Want a quick, easy and yet flavorful meal, be it breakfast, lunch or dinner? Then Persian omelet is the answer! What we refer to as Om’let in Iran is essentially a simple, open faced omelet with very few ingredients but with a Persian twist.
Onions are slowly cooked into golden perfection before being further colored by the addition of turmeric powder. The optional addition of tomato paste and garlic ensures the flavors are enhanced. A few eggs are then cracked on top, and a touch of salt and pepper and a sprinkle of fresh herbs make this dish simply divine.
What looks like a soup or a stew, but is neither? It is Aash!
Aash is a slow-cooked Persian dish that combines a variety of beans, grains, sometimes noodles, herbs, spices and meat. Its texture most resembles a thick soup.
Aash is quite versatile and has many variations. It can be a comfort food, but it can also be served “majlesie style” – meaning the kind of meal you’d serve at a fancy dinner party. It can be the main course, or be served in small quantities as part of a family-style spread. Aash has its roots in traditional Iranian holidays such as Nowruz, the Persian New Year.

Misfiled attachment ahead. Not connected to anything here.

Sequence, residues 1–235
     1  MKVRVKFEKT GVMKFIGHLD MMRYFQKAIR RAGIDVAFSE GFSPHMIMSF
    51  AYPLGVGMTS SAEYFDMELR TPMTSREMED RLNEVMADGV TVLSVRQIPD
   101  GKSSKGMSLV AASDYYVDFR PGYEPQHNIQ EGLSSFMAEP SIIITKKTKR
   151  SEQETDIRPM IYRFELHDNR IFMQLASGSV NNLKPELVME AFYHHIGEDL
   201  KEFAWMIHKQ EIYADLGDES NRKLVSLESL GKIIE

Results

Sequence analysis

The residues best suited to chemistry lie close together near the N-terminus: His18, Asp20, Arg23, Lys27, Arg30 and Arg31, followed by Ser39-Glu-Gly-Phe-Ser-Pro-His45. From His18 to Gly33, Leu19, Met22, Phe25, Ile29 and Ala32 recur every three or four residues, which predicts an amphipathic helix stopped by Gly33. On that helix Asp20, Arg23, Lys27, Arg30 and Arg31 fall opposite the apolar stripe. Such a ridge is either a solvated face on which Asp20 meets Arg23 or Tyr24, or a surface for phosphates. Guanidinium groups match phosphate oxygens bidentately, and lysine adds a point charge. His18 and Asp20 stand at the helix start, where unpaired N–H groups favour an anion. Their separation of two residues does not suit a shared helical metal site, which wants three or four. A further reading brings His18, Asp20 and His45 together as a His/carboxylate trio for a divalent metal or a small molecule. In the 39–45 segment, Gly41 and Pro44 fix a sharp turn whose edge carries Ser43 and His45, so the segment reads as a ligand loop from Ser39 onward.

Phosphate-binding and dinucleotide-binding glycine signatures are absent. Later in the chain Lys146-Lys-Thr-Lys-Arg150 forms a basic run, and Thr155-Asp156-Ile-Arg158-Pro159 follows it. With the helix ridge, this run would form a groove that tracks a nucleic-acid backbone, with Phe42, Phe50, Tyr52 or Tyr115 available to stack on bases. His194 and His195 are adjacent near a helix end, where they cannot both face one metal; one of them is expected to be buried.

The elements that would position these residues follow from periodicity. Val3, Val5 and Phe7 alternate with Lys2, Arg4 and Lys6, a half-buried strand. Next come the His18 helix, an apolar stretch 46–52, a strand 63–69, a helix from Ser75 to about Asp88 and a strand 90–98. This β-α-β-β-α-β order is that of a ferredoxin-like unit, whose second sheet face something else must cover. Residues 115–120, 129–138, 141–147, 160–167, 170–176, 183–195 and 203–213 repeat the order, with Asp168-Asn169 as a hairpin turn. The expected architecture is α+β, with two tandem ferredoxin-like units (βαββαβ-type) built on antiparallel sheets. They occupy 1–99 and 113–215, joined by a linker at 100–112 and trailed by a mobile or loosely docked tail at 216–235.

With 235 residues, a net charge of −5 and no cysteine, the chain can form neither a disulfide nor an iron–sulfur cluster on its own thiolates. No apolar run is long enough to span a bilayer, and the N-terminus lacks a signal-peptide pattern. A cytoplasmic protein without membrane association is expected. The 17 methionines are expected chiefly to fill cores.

Let there be jam! Homemade jams are such an integral part of Persian culture and cuisine. Quince is one of those rare and sometimes underappreciated tart and crisp fruits that are best enjoyed either cooked in a stew or made into a jam. The fruit itself is very aromatic and I can always detect a note of rose scent in it. When making this jam, I make that note much more pronounced, and make a symphony of aromatics by adding rose water and various spices – not necessarily traditional, but magical!